MaaS Alliance is an association of key players and a major government organization which focuses on development of sustainable shared mobility within Europe. It defines micro mobility as personal transportation by use of vehicles that have the ability to carry maximum of two passengers. Micro mobility service is the efficient use of light, compact, and swift modes of commute, majorly powered by human or electric.
At its core, micro mobility focuses on the commuters using ridesharing for their trips under five miles or for first- and last-mile connectivity. First-mile travel is the distance a commuter has to cover from their origin to their destination, whereas last-mile travel is the distance a commuter has to cover from their destination to their point of origin. A journey’s point of origin or destination is a individual’s home, office, educational institution, and shopping market, among others. Micro mobility vehicles such as kick scooters, e-scooters, e bikes, bicycles, and autonomous shuttles are used for commuting the first- and last-mile distances. These modes of transportation are portable, fuel-efficient, cost-effective, and accessible.
One of the most popular methods of last-mile transit mode has been dock-less bikes sharing systems. This mode allows the user to book a bicycle online through an app and go to any nearest parked bike by following it on their GPS.
According to the analysis by BIS Research, the global micro-mobility market is projected to reach $31.94 billion by 2029. This can be attributed to the thriving last- and first-mile connectivity modes of transportation.
Factors Related to Last-Mile Connectivity Contributing to the Development of Micro-Mobility
In modern urban cities, the need for last-mile connectivity becomes more pertinent as the population grows rapidly due to urbanization, traffic congestion, increase in price of vehicles, and less availability of parking spaces. This offers ample opportunities for micro mobility service providers.
Health consciousness among the people has increased considerably, thus encouraging people to take more number of rides through cycles. This cycling trend has been boosted by about 200% in the past years 2014-2018 and is expected to continue in the next decade, 2018-2028 as well. Cycling is one of the most preferred modes for first- and last-mile connectivity and thereby is accelerating micro-mobility.
Key Strategies and Developments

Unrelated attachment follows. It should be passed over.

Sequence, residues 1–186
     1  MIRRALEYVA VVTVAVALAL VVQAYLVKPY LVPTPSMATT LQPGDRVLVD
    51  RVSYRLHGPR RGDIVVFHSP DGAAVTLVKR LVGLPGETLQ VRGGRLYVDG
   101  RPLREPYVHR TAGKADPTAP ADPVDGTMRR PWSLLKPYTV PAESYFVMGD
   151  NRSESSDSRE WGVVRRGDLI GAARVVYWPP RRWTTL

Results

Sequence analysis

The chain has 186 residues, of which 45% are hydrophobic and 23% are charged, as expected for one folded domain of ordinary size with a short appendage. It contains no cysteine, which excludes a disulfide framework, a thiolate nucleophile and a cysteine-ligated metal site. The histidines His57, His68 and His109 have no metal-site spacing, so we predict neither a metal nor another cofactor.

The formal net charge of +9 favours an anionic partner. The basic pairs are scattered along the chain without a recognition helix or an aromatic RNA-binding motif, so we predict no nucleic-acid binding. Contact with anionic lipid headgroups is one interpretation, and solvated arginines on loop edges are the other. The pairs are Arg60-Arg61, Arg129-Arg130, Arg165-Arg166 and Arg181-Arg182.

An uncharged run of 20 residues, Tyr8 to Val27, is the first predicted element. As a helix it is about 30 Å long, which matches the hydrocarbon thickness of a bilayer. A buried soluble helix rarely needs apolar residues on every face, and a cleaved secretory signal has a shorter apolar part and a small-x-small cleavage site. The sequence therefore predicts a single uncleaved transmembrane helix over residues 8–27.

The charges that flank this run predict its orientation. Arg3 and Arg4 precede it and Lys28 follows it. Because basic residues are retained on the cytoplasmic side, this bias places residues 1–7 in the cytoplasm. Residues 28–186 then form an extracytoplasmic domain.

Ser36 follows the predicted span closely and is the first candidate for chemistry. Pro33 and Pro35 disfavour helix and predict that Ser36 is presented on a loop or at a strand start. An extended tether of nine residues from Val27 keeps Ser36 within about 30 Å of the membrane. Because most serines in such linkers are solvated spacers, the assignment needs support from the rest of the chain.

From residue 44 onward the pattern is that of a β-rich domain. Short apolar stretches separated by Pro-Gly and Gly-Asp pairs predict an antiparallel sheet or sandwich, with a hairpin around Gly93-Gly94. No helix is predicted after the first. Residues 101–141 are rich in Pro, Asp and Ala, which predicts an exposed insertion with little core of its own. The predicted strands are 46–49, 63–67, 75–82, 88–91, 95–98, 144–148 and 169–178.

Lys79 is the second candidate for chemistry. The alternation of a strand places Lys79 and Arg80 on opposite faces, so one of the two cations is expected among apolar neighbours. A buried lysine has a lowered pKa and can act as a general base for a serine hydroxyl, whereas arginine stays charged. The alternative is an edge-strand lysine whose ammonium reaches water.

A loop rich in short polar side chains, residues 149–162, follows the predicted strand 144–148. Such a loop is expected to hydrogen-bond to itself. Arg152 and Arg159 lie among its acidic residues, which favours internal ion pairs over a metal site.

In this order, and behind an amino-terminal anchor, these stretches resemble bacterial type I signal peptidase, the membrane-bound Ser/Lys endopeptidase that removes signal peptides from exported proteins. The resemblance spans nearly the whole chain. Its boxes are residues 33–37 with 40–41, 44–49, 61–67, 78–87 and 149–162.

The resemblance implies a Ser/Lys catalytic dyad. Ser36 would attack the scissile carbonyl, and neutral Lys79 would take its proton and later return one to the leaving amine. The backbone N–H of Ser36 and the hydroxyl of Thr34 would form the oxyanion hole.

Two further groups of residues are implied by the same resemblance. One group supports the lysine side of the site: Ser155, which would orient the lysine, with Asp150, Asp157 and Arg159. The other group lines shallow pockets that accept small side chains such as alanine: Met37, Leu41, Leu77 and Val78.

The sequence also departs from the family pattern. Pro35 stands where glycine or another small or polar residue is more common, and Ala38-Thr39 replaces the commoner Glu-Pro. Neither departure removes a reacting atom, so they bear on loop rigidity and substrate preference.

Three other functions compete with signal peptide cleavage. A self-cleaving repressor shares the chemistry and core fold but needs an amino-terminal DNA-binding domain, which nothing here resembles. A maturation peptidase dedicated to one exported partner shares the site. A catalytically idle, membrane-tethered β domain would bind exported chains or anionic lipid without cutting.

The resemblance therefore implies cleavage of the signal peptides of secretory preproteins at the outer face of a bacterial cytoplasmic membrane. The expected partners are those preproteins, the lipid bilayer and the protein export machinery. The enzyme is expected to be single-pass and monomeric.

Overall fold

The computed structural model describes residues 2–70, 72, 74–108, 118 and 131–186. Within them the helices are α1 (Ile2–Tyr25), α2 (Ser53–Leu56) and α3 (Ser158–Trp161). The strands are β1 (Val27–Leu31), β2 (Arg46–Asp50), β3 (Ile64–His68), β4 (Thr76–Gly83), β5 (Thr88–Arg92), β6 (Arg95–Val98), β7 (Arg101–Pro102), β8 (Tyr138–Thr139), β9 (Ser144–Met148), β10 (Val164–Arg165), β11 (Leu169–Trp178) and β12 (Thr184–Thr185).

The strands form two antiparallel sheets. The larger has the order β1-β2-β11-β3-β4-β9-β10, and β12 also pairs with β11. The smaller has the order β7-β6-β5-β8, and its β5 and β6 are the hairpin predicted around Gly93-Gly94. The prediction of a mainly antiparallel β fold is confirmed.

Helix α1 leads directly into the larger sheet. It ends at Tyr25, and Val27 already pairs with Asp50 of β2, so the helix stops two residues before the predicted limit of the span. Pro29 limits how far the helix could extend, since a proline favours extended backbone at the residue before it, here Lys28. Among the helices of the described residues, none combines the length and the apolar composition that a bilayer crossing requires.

An array of strategic partnerships, mergers and acquisitions, and innovative product launches has been observed among the companies providing for last-mile connectivity, recently.
On January 15th, 2020, Uber’s Jump released a more accessible three-wheeled scooter in San Francisco. On February 10th, 2020, Glafit, a Japanese mobility start-up company launched the micro mobility scooter – X-SCOOTER “Last One Mile” (LOM).
In May 2019, Ford partnered with Agility Robotics to develop “Digit”, a robot vehicle used for last mile delivery. Additionally, in February 2019, Ford partnered with parcel delivery company Gnewt to develop a last mile delivery service supported by MoDe:Link, Ford’s cloud‑based software.
Moreover, in May 2019, Renault launched EZ-Flex for last-mile urban delivery. The EZ-Flex is an autonomous electric vehicle which is used to transport both people and goods over short distances.
In April 2018, Meituan acquired Mobike, one of the world's largest bike-sharing companies. The acquisition of Mobike can help Meituan to further enhance the efficiency of its last-mile commute.
Extensive Investment in Micro-Mobility Ecosystem Enhancing the Last-Mile Connectivity
Many prominent venture capital funds and automotive OEMs’ investment funds have actively supported the emerging start-ups in the micro mobility market, which has resulted in the development of products and services to meet the needs of last-mile connectivity for their customers.
Some of the leading start-ups which have raised large amount of funding include GoJek Tech, Ofo, and DoorDash. The total funding in the micro mobility market by venture capital funds have exceeded $15.38 billion till the year 2018. Some of the leading venture capital funds which have invested in micro mobility start-ups are Sequoia Capital, SoftBank Vision Fund, and DST Global.
North America is one of the major markets for micro mobility, driven by the last mile connectivity and public transportation. The region has high penetration rate of shared services, leading to easy acceptance from consumer side toward hiring a service as per requirement. Bicycles and e-bikes dominate the last-mile delivery domain in the European countries such as the U.K., France, Finland, and Germany, among others. The APAC region, with developing countries such as China, Japan, and India, has observed an ever-growing sales of commuter bicycles since the inception of a mobility ecosystem.
Last-mile connectivity promises the future mode of transportation in the field of micro-mobility. However, the growth of last-mile delivery, if not managed intelligently, can cause traffic grid locks and overutilization of available resources. Artificial Intelligence (AI) can be used to control emission levels in the last-mile delivery segment as it contributes substantially to the gas emissions.
Autonomy in micro mobility is still a far-fetched concept, however, some of the technology companies such as Marble have been successful in deploying projects in the last--mile deliveries market. For instance, in December 2019, Nokia’s Paris campus was the venue for the 5G trial implemented by the Last Mile Autonomous Delivery (LMAD) consortium of partners, that observed the presence of a small Autonomous Delivery Robot (ADR) with parcel lockers, delivering goods without human intervention or guidance.
Therefore, the continued advancement and dynamic transformations in the field of micro-mobility brought about by last-mile connectivity is touted as a significant development in the mobility ecosystem.